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Morgan Elsbeth, the Nightsisters, and Dathomir

Diana Lee Inosanto reprises her role as Morgan Elsbeth, the former magistrate who subjugated the people of Corvus in order to harvest all of the planet’s resources for the Imperial war machine. She was first introduced in The Mandalorian season 2 episode “The Jedi” as a close associate of Grand Admiral Thrawn. Ahsoka and Din Djarin work together to take her down, although it was unclear until now whether Ahsoka had killed Elsbeth or captured her at the end of the episode.

Well, Elsbeth is very much alive, and we learn a bit more about her in the first two episodes of Ahsoka. For one thing, she’s hired Baylan Skoll and Shin Hati to help her find Thrawn out in a distant part of the galaxy. More importantly, she’s not just a wicked Imperial sympathizer but also one of the few surviving members of the Nightsisters, also known as the Witches of Dathomir, a clan of Force-wielding Dathomirian women who practiced dark magick and were first introduced on The Clone Wars. Although most of the Nightsisters were massacred at the end of that war, some survived, such as Merrin from the video game Star Wars Jedi: Fallen Order.

The planet Dathomir itself has a long Star Wars history. Among other things, it’s the home planet of Darth Maul, who was actually the son of the leader of the Nightsisters, Mother Talzin.

Chopper

Wherever Hera goes, grumpy astromech droid Chopper is usually not very far behind. But unlike other Rebel droids like R2-D2, he doesn’t particularly like finding himself in the line of fire, and he’s very happy to let you know about it. Ultimately, Chopper is incredibly loyal and his heart is in the right place, but he can also be very difficult and loves to argue. You can see all of these traits on display as Hera chases that ship into space in the second episode. Like Hera, Chopper first appeared on Rebels and also made a fun little cameo in Rogue One.

Lothal

Lothal was one of the central settings of Rebels, so it makes sense it returns in live action. Ezra Bridger’s home planet is located in the Outer Rim of the galaxy and is largely known for its agriculture and grassy plains. Its capital city served as its industrial center.

For most of the animated series, Lothal was under Imperial rule, and its resources largely went to the Empire. It wasn’t until the Spectres showed up to sabotage Imperial operations that things started to change for the people living there. Eventually, the Rebellion freed Lothal, but, as we already mentioned, it wasn’t without sacrifices.

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Corellia

Corellia is a classic Star Wars planet, first seen on the big screen in Solo: A Star Wars Story. It’s the homeworld of both Han Solo and Qi’ra, and also the birthplace of the Millennium Falcon. This Core World is best known for its massive shipyards.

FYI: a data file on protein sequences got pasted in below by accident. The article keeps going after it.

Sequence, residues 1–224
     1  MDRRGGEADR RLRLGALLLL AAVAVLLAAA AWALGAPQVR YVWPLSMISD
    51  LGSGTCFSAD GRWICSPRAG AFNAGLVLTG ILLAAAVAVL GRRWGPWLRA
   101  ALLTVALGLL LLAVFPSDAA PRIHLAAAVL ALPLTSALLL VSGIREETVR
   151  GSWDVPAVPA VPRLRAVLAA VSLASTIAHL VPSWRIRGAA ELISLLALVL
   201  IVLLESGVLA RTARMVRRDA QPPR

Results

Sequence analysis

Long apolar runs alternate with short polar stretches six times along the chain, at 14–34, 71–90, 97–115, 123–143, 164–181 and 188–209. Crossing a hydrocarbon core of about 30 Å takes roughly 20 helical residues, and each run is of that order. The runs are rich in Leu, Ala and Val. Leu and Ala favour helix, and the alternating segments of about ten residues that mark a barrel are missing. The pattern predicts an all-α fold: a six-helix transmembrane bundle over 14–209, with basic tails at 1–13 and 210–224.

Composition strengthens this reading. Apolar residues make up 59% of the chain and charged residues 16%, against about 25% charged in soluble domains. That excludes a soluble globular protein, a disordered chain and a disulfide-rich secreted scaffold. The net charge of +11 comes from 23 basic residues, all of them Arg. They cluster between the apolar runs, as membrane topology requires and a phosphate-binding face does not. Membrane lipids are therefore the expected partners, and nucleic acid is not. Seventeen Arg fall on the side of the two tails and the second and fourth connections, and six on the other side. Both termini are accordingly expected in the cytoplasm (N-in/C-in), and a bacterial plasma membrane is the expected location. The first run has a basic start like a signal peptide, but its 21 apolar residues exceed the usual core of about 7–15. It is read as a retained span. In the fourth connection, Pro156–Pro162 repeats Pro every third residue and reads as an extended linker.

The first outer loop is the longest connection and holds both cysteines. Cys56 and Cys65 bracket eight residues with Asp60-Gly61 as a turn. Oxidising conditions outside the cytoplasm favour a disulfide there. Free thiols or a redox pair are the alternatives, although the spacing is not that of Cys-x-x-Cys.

While Corellia was alluded to in the Original Trilogy, it didn’t actually appear in Star Wars media until 1985, two years after the release of Return of the Jedi, in the Marvel comic Star Wars #100. The planet was a mainstay of the Legends continuity.

Ahsoka’s T-6 Shuttle

The T-6 shuttle Ahsoka uses to get around first debuted in The Clone Wars. It was one of several ships used by the Jedi Order during the Prequel era. Ahsoka’s specific ship first appeared in the series finale of Rebels.

Fulcrum

When the New Republic hails Ahsoka’s ship, Huyang answers the call as “Fulcrum.” That is of course the codename used by Ahsoka during the Galactic Civil War while working as an informant for the Rebellion. Other spies, such as Agent Kallus from Rebels, used the codename, too.

The Phantom

While we don’t see Hera’s ship, the Ghost, in the first two episodes, we do get to watch her pilot the Phantom, a smaller shuttle that detaches from the main ship. It was usually used by the Spectres when they needed to run recon or send down a landing party on a mission. This is actually the second Phantom used by Hera, as the first one was destroyed in Rebels season 3.

Marrok

While we learn virtually nothing about the mysterious Marrok in these episodes, StarWars.com confirmed that he’s a former Inquisitor who now works as a mercenary, just like Baylan and Shin. Maybe there’s someone from the past hiding behind that mask?

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Opening Crawl!

Yes, Ahsoka is the first Disney+ live-action Star Wars series to feature an opening crawl. It’s not exactly the same crawl featured in the movies — the font and color are different — but it’s close enough!

“Toil and Trouble”

The title of the second episode is of course a reference to the three witches from Shakespeare’s Macbeth and their famous chant: “”Double, double toil and trouble/Fire burn and cauldron bubble.” This is the episode in which we learn more about Morgan Elsbeth’s witchy background so the reference is appropriate.

Rebels Mural

The grateful citizens of Lothal commemorate the Spectres by unveiling a mural of the Rebel heroes, the same one Sabine visited in the final scene of Rebels. It features all the Spectres already mentioned above as well as Kanan Jarrus, who died in season 4 of the cartoon, and Zeb Orrelios, who we know is now working as a ranger of the New Republic, thanks to a cameo in The Mandalorian season 3. The characters are also bookended by loth-wolves, Force-sensitive creatures who helped the Spectres throughout the series.

Loth-cat

Sabine’s cute little pet is known as a loth-cat. These little critters were staples of Rebels.

HK Assassin Droid

Morgan Elsbeth and the rest of the villains employ HK assassin droids to do their dirty work. HK droids were first introduced in the 2003 video game Knights of the Old Republic.

Star Map

What would Star Wars be without a MacGuffin for all the characters to fight over? In this case, Ahsoka and Elsbeth are both after a Star Map, an artifact that can show them the way to the part of the galaxy Thrawn and Ezra were zapped to. Star Maps were first introduced in Knights of the Old Republic.

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Mon Calamari Star Cruiser

The ship that Ahsoka docks with to meet Hera is a Mon Calamari Star Cruiser, which first appeared in Return of the Jedi as one of the many kinds of ships that made up the Rebel Fleet.